Garnbret, naturally, is the big favorite for the Lead title. In Saturday’s Final she will have to watch out though for all the rest. Starting with 2nd placed Aika Tajima (Jpn), followed by the Americans Margo Hayes and Claire Buhrfeind, the Italians Asja Gollo and Ilaria Scolaris, the third American Grace McKeehan and Switzerland’s Michelle Hulliger.


Claudia Ghisolfi © Giulio Malfer

Semifinali Lead Female Juniors

If the men’s event the holds were reached with the greatest of difficulties, those in the women’s competition certainly weren’t a joke, either. The girls climbed the lefthand wall, up a line that started to the right of the arete to then breach a small roof that barred the war to the upper section of the face. During the entire first half of the comp no one managed to get further than 2/3 height. Many fell far lower. So at  the 1/2 way stage the best were Switzerland’s Andrea Kümin, America’s Kyra Condie and, just below her, Slovenia’s Rebeka Kamin. The first to climb past this trio, by three holds, was Ievgeniia Kazbekova from the Ukraine. Austria’s Julia Fiser reached the same height and took the lead on countback. The same held true for Claudia Ghisolfi; the Italian climbed superbly to reach the same height as Fiser and then take the lead. This didn’t last long though, as Slovenia’s Tjasa Kalan took things a stage further, finally getting close to the top. Her miracle climb provided a ray of hope. And then it happened: Sweden’s Ottilia Kajsa Rosen clinched the long-awaited (and fully deserved) first top. It was as if a door had been opened, as her performance was immediately matched by France’s Julia Chanourdie. Then, to some surprise, Serbia’s Stasa Gejo (recently crowned Bouldering World Champion) fell low to place 10th overall. Out of the final. France’s Salomé Romain, the last of three to come out of isolation, climbed past Fiser and Ghisolfi to finish 6th. Anak Verhoeven didn’t want to take any risks (so to speak) and topped out, the third at this point. Many expected Austria’s Jessica Pilz (the provisional leader after the qualifiers) to top out. But it wasn’t to be, there was a real reason why so many had fallen off the route, evidently it wasn’t a walkover. And so the Austrian “only” managed to match Tjasia Kalan highpoint to confirm the Slovenian’s great performance. In the end those who qualified for the final were: Anak Verhoeven (BEL),  Julia Chanourdie (FRA), Ottilia Kajsa Rosen (SWE), Jessica Pilz (AUT), Tjasa Kalan (SLO), Salomé Romain (FRA), Claudia Ghisolfi (ITA), Julia Fiser (AUT).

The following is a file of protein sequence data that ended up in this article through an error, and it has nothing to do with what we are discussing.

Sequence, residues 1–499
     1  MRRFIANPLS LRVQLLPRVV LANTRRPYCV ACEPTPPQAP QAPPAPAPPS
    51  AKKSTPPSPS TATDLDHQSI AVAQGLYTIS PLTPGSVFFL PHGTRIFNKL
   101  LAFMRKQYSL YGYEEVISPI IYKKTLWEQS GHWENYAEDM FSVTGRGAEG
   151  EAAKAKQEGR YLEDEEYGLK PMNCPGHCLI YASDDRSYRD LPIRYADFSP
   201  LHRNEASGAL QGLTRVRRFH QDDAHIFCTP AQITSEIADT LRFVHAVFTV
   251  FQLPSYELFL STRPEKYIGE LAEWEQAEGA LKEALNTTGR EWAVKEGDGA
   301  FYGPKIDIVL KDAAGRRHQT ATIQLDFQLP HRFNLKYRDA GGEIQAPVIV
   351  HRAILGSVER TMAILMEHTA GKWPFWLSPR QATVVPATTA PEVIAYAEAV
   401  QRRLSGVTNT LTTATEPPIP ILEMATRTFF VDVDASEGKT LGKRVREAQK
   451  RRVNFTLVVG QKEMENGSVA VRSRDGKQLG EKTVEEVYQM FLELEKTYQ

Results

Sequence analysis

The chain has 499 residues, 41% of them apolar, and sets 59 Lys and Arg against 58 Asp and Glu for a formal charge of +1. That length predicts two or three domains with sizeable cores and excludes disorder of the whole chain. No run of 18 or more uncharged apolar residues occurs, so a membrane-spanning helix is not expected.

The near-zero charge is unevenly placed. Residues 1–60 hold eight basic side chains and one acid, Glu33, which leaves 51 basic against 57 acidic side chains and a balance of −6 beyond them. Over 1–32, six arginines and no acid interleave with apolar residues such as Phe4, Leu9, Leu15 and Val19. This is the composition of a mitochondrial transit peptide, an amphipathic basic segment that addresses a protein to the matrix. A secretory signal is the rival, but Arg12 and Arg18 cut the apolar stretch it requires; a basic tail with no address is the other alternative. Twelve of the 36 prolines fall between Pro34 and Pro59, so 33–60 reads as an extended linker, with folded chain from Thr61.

by Vinicio Stefanello /